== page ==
After customers and staffers had gone home for the night, David Benstock made 4,500 mezzaluna stuffed with braised short rib this week. The chef-owner of Il Ritorno in St. Petersburg made them by hand, staying up until 4 a.m. rolling out dough. And on Saturday afternoon at the first St. Pete Wine & Food Festival, napped with truffle fonduta and topped with shaved truffle flown in from Italy, 4,500 didn't seem like such a crazy number. For a small restaurant like Il Ritorno, going all in for a first-time festival represents a serious vote of confidence in festival organizers Dawna Stone and Matt Dieter.
"We haven't been a part of a lot of local events," Benstock said as he scooped pasta half-moons into a saute pan. "But this seemed like a great addition to downtown St. Petersburg. We need stuff like this to get restaurants involved with the community."
For chef Ted Dorsey of St. Petersburg's new The Mill, the festival was an opportunity to showcase what he's doing on his menu: In one of the two massive tents in North Straub Park, his team put together cooling bruschetta of watermelon, cuke and heirloom tomato, a little pop of smoked pistachio brittle as garnish, as well as sweet pea hummus with pear chutney on cool leaves of endive.
And it seemed to pay off. Festival-goers Jon Wue, 26, and Bhavana Jami, 23, both from Tampa, weren't too familiar with St. Pete restaurants and were using the festival to shop around. He liked the pork bun from Souzou; she liked the gazpacho with tiny grilled cheese from Sea Salt. Having been to food and wine festivals such as Epcot's annual event, which also started Friday, Jami was the primary motivator for the outing: She found a Groupon that brought the fairly steep ticket price of $95 down to $70.
He wanted to do Halloween Horror Nights at Universal, and she said, "Nope, let's do this."
Stone said the Friday night craft beer component of the festival drew 1,300 attendees plus walk-ins, better than they expected. Saturday's event sold 1,000 tickets, with a slightly lower number sold for today.
According to Dieter, who with wife Stone owned a large running event company before selling it in 2012, the higher price point for this festival requires some education.
"People are familiar with festivals with lower admission prices, but they pay for tasting and drink tickets. With this, everything is included."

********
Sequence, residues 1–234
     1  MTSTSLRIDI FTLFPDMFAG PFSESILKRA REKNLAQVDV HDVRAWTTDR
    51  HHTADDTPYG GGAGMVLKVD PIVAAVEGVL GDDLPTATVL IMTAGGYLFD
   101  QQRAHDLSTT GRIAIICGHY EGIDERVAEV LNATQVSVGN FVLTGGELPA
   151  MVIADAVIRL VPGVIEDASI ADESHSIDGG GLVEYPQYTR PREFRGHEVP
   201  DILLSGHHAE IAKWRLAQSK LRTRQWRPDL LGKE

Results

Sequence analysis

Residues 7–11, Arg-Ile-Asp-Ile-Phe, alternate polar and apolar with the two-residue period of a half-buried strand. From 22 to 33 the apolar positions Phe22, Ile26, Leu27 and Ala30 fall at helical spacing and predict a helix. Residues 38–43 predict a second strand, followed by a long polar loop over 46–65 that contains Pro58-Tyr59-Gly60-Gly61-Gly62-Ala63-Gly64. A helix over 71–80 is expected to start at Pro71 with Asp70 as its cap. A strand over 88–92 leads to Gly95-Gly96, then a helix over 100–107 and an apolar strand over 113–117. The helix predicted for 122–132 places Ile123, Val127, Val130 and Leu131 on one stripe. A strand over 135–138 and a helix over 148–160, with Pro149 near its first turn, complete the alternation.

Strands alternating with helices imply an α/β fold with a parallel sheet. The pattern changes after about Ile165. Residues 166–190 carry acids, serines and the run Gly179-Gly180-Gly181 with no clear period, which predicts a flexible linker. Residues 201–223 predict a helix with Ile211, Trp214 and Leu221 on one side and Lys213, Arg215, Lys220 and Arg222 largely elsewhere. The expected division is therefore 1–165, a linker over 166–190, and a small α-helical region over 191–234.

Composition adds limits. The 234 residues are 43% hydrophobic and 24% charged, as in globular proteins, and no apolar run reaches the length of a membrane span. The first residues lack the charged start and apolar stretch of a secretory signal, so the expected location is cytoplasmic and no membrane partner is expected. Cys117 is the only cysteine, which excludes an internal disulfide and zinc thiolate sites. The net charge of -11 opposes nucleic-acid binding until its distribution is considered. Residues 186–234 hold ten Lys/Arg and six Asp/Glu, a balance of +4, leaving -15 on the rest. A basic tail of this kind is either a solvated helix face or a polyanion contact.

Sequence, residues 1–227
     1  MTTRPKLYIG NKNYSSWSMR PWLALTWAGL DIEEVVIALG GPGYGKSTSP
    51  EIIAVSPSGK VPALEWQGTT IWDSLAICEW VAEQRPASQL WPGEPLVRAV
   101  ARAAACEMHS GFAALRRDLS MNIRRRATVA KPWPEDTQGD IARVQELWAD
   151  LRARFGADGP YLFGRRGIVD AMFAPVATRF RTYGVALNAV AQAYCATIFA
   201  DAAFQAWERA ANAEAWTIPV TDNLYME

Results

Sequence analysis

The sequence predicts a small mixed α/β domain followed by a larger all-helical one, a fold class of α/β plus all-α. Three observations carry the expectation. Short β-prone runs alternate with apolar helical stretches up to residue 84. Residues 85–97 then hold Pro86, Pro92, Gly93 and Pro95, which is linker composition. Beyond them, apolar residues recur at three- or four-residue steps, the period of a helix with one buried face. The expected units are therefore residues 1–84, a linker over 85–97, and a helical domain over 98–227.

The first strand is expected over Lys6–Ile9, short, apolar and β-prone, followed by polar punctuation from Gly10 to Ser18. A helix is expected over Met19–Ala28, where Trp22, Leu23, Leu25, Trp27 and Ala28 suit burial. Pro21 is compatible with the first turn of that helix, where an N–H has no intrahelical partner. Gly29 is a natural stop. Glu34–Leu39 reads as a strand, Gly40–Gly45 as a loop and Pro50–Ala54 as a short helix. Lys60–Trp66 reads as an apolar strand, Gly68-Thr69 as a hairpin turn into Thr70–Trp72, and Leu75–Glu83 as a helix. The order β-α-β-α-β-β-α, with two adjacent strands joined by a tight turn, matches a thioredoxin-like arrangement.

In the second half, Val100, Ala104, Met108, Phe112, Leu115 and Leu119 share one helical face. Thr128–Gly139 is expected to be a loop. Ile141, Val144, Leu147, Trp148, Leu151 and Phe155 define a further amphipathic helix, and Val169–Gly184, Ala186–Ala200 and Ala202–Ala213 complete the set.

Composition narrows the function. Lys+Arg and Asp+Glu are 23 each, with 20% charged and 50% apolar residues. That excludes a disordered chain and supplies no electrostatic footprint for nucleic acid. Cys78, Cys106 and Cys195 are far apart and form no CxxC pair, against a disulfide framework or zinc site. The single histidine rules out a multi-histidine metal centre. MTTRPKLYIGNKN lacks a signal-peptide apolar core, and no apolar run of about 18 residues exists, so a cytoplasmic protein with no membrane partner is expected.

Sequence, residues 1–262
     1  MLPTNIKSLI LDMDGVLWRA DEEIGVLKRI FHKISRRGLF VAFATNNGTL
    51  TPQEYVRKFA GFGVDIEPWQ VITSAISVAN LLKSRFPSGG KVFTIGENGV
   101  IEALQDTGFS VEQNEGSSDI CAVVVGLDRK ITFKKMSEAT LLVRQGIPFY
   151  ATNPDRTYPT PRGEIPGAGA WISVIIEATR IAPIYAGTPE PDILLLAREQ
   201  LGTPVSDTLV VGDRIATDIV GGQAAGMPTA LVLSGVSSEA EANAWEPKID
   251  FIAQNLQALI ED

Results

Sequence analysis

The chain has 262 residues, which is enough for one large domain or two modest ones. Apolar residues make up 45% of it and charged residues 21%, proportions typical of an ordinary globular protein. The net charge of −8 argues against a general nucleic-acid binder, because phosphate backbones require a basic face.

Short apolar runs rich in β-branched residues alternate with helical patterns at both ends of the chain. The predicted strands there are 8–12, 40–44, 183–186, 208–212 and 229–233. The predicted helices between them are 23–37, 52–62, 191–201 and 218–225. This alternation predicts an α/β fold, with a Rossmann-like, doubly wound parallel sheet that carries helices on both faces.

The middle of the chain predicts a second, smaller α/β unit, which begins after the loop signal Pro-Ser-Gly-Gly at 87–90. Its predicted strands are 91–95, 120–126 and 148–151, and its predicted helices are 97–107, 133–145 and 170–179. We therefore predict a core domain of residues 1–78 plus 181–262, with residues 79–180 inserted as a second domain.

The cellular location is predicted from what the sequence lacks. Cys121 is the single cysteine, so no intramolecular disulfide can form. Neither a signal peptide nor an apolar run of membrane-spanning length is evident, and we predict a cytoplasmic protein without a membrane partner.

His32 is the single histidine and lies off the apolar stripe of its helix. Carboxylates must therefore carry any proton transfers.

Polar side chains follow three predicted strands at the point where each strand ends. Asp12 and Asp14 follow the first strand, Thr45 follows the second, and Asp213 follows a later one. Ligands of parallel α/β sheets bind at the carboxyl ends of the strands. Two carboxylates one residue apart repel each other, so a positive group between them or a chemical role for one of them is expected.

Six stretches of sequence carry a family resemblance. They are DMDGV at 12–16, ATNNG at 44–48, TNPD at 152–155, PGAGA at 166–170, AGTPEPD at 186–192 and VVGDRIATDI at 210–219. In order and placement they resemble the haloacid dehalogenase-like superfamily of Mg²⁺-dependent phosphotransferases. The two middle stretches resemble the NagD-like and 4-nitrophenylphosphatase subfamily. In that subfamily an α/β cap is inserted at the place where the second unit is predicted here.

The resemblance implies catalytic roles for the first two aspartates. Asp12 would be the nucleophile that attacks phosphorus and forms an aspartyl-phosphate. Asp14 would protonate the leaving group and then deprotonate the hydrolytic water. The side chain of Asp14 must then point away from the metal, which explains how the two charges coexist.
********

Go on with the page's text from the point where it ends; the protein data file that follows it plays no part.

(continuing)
For Danielle Hutchens and Amy Daniels of Tampa, Shannon Moyles of Clearwater and Lisa Lossie of Atlanta, the festival represented a girls' day out opportunity. Because they attend the Bern's Winefest every year and Hutchens had been to South Beach Wine & Food Festival, a major annual event for foodies, they were in a good position to assess this first-time St. Pete venture.
"The food is excellent," said Daniels, who was celebrating a birthday. "And I appreciate that they have included wines that regular people could buy, but the wine booths are all staffed with volunteers and they don't know much."
This isn't the first time a large-scale food and wine festival has been launched in St. Petersburg. In 2013, Enjoy Arts & Tastes St. Petersburg drew impressive crowds and an even more impressive lineup of celebrity chefs associated with HSN. It was deemed not economically viable to put it on a second time.
Based on restaurant participation and event turnout, Dieter and Stone have high hopes for a second festival.
"We had a short runway on this event," said Dieter. "We decided to do it around April or May, then didn't get approval from the city until July."
Still, it drew a who's who of downtown St. Petersburg's booming restaurant community.
"Very few restaurants said no," Stone said, catching her breath for a moment outside one of the busy 12,000-square-foot tents. To go from 0 to 60 for an event of this magnitude is a coup.
"I told the kids," Stone said, "Come October your mommy will be back."
Contact Laura Reiley at email@example.com or (727) 892-2293. Follow @lreiley on Twitter.